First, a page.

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Lumberton's first bank: 1897-1970

By Scott Bigelow

When banks were collapsing across the nation during the Great Depression, the story of the National Bank of Lumberton’s survival is worthy of a Hollywood epic.

The Bank of Lumberton was founded in 1897 by Angus Wilton McLean and was the town’s first bank. Readers may recall it as Southern National Bank, renamed in 1958 as it grew beyond Robeson County.

At age 27, McLean saw the need for a bank and made it happen with several partners and $15,000. At the turn of the century, Lumberton was a ramshackle of wooden buildings and unpaved streets.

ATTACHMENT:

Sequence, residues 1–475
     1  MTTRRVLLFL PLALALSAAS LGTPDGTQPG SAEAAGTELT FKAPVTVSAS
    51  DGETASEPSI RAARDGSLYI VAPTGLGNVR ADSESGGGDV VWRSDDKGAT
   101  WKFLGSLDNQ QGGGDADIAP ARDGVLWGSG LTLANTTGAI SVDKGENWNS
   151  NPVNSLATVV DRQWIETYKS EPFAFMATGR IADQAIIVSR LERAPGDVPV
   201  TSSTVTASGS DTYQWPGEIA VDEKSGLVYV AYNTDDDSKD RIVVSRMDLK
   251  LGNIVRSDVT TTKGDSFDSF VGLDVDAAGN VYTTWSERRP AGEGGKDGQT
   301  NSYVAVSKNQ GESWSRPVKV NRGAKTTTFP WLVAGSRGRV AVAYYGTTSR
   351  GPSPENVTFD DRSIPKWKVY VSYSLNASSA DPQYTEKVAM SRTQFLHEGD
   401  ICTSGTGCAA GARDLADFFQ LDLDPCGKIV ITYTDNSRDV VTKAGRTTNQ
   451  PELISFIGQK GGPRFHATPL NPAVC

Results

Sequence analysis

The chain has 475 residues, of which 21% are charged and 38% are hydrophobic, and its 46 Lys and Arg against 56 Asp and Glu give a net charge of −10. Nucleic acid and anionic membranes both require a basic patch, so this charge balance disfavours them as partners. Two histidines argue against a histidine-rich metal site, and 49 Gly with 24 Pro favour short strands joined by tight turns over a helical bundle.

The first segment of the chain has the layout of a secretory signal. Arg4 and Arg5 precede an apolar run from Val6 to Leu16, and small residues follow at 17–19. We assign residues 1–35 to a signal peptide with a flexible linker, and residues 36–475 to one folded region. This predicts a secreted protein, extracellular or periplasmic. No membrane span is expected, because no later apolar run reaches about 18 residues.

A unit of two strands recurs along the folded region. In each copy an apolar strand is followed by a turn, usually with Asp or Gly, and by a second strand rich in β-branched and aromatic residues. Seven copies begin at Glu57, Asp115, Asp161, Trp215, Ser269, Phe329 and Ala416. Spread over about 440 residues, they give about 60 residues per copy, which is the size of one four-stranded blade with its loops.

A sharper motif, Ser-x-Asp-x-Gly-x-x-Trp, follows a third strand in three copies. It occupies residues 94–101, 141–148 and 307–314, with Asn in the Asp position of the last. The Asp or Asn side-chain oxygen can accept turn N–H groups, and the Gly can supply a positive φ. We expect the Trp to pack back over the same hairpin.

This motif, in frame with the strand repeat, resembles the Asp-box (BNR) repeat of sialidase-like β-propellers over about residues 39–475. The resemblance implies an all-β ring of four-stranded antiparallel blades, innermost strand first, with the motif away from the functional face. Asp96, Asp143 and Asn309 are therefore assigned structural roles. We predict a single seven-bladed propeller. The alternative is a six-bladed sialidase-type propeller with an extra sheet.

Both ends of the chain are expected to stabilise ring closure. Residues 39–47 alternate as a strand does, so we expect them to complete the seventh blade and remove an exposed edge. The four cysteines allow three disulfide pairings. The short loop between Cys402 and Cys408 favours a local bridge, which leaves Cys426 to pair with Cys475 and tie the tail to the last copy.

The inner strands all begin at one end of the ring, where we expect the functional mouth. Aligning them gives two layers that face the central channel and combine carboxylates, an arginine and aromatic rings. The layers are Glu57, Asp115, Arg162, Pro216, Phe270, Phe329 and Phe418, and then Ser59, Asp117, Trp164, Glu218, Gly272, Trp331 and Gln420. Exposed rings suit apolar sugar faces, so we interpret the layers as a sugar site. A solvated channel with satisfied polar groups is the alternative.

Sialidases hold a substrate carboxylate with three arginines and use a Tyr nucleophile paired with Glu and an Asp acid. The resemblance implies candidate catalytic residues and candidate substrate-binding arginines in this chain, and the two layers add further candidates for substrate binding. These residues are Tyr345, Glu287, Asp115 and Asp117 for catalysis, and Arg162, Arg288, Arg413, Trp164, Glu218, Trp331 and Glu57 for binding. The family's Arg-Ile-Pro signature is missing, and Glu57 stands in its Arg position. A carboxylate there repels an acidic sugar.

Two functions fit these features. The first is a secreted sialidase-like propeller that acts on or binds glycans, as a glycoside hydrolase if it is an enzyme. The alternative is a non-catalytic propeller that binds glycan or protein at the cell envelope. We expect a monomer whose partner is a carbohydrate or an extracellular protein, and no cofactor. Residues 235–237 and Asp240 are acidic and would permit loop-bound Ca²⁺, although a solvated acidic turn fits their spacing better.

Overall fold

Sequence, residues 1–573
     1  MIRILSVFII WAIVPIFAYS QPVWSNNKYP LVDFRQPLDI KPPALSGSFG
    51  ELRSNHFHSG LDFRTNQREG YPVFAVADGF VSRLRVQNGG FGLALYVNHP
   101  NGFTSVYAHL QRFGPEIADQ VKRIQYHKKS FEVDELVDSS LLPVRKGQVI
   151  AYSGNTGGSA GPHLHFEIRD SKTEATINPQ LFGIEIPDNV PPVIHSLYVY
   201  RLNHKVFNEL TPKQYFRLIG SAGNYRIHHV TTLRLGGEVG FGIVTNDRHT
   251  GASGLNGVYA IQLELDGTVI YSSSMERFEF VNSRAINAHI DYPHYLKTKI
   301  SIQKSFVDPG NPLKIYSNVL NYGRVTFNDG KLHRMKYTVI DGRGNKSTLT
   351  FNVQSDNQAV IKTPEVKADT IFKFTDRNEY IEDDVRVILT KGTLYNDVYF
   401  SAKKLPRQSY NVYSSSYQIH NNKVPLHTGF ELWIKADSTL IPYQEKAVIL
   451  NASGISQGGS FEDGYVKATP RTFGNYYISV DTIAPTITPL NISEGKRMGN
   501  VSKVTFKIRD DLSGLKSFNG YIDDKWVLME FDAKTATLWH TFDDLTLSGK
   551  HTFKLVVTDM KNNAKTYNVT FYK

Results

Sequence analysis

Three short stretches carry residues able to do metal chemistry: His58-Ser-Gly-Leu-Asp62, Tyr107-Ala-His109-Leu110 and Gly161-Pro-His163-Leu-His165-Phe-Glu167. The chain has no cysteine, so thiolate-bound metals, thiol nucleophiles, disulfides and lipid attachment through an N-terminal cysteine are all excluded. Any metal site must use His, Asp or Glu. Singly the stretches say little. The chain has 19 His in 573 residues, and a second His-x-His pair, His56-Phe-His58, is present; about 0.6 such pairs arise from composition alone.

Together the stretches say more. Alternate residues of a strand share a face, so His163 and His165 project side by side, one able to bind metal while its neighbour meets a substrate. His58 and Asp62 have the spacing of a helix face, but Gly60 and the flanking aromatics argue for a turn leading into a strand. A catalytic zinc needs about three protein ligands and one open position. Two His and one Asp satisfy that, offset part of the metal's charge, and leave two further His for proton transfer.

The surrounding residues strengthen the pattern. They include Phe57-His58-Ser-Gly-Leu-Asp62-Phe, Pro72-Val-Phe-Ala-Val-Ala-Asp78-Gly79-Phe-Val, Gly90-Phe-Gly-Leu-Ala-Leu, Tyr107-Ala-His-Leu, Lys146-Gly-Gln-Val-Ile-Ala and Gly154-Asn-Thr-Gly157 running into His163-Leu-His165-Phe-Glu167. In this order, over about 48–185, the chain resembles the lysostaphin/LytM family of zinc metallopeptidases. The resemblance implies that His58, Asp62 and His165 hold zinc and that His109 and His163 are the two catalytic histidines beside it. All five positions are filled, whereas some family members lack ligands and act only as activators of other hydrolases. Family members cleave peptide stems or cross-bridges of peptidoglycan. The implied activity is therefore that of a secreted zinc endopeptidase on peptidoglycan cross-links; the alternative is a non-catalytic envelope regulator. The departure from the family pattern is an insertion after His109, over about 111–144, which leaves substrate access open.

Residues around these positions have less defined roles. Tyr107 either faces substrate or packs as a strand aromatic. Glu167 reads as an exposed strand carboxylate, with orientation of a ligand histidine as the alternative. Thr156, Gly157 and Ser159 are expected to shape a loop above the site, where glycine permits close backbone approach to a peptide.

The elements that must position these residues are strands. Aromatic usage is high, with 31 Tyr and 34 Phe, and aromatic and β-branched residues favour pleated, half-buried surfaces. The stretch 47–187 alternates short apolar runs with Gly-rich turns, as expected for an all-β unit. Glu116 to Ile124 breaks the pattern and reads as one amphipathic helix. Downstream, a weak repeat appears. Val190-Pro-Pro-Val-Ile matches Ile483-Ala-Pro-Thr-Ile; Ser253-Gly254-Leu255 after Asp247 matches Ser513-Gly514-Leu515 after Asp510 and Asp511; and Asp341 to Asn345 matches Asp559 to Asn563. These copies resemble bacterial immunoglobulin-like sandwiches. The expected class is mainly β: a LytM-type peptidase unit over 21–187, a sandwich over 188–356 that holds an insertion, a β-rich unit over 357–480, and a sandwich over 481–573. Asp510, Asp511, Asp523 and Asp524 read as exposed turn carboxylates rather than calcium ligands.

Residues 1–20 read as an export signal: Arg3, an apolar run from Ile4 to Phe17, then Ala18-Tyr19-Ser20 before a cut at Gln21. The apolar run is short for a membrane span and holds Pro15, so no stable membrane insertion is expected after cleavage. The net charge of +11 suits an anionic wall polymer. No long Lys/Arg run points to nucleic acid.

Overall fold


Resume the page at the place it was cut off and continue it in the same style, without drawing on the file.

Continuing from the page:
McLean saw only opportunity in a town characterized by “drunkenness and rowdyism.” Before the Bank of Lumberton was established, businessmen traveled to Wilmington to make deposits, or they put cash into safes, like the one Henry Berry Lowrie stole with $20,000 inside.

Much has been said about the principles of Scottish immigrants. McLean was a poster child for those legendary conservative business practices.

McLean recruited solid citizens as partners, board members and employees, and everyone understood that his word was unshakable. The first president of the bank was Thomas McNeill, a Civil War veteran, lawyer and former legislator.

McLean was the man behind the scenes, and The Robesonian newspaper acknowledged it. The paper lavished praise on the bank and its founder, saying it “had the confidence of the people.”